Perhaps because of this ambitious slate of executions, Democratic support of capital punishment abated, slowly, near the end of the decade, particularly in light of the release of several death row inmates who were proven innocent by exculpatory evidence, such as DNA testing. The most famous of these cases was Anthony Porter, who was set for execution in 1999, but who was exonerated just over 48 hours before his sentence was carried out. This prompted Illinois Governor, George Ryan—notably a Republican—to issue a state moratorium on executions. He eventually commuted the sentences of everyone on Illinois death row to life in prison. Six more states abolished capital punishment between 2007 and 2013.
All these changes in public perceptions of the death penalty took place against the backdrop of a sustained, national drop in crime. In 2004, John Kerry was the first nominee since Dukakis to oppose the death penalty. In fact, during one of the debates Kerry proudly voiced his opposition to executions, citing his experience in Vietman, saying “I know something about killing. I don’t like killing. I don’t think a state honors life by turning around and sanctioning killing.” Kerry lost of course, but his opposition to the death penalty was barely mentioned by the Bush campaign and was not seen as a contributing factor in his defeat. And although Barack Obama supports executions in very limited circumstances, he does so to a much lesser extent than most recent Democratic standard-bearers have, and it’s barely been an issue.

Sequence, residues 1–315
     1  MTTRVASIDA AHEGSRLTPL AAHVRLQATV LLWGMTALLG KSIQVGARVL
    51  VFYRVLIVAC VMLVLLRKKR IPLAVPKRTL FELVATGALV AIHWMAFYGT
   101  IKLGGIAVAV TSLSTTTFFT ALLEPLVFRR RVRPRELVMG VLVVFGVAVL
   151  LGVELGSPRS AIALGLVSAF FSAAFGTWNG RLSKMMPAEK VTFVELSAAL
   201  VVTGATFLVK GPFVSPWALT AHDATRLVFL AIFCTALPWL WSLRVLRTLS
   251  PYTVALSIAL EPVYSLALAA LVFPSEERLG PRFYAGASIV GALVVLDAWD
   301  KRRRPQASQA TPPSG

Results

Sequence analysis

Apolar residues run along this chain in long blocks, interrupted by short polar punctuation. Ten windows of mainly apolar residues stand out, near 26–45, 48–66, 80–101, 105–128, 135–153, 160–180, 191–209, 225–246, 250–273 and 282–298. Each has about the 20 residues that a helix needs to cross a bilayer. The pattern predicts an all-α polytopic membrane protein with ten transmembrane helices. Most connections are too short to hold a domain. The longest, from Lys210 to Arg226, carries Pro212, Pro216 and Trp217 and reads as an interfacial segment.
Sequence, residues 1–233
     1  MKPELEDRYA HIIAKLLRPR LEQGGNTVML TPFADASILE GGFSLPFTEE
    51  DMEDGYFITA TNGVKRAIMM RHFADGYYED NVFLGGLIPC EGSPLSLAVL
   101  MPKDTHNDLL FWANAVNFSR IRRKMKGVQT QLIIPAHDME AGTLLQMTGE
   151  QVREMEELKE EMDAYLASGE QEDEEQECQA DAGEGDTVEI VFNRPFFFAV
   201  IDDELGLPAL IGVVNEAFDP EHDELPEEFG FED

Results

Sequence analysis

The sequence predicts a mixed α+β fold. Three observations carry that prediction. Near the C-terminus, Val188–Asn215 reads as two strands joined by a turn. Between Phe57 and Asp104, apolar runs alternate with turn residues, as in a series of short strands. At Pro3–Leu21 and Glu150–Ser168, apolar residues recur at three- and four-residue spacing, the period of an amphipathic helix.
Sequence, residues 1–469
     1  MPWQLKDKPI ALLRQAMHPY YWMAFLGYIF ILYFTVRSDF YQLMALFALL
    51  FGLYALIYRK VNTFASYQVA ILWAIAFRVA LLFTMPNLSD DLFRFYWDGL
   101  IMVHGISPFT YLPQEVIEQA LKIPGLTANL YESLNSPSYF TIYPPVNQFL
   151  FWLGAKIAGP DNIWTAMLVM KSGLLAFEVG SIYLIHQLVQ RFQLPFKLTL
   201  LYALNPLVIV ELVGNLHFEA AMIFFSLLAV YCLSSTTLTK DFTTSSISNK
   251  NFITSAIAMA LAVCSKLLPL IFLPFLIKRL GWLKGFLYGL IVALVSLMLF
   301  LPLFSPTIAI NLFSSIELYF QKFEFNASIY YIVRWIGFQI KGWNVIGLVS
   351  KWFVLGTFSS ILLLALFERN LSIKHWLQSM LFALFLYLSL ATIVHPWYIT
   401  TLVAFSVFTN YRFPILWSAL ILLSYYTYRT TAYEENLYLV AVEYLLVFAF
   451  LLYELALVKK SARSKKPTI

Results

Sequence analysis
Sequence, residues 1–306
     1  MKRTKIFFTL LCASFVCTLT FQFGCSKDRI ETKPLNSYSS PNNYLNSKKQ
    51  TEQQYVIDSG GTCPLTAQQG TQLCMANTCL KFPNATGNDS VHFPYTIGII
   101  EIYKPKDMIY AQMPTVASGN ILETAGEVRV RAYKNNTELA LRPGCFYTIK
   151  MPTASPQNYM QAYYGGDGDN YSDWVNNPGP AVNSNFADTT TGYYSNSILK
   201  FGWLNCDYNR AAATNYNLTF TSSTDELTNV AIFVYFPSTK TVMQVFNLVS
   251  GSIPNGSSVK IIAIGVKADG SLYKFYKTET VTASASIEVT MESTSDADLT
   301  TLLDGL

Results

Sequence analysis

Where does this leave Hillary Clinton? Her publicly stated position is unchanged. She supports the death penalty. But a candidate like O’Malley, who’s running as a strong anti-death penalty campaign, might prompt voters to question her commitment to human rights. In the past, Democrats have given pro-death penalty candidates a pass on the grounds that it’s a necessary position to win general elections. But with low crime rates and ever-declining support for capital punishment, that should be less true in 2016.
Thus, the 2016 primary campaign could be the first opportunity in a generation for progressives to make support for capital punishment an issue. And thanks to Elizabeth Warren, who has rattled the Clinton camp with her economic populism, the Democratic base is now emboldened and willing to demand more of their candidates.
It’s understandable that the base has largely ignored capital punishment in recent presidential cycles. They want to win elections, and are therefore pragmatic. However, the current political landscape is one in which a candidate can be both pragmatic and oppose the death penalty.
Make no mistake, the Democratic base does care about the death penalty. It might have been put on the back burner for practical reasons in the past. But with issues around police brutality, mass incarceration, sentencing reform, and social justice motivating activists around the country, it’s becoming more and more of a risk for candidates like Clinton to ignore this, and riskier still if candidates and interest groups actually stand up to hold her accountable.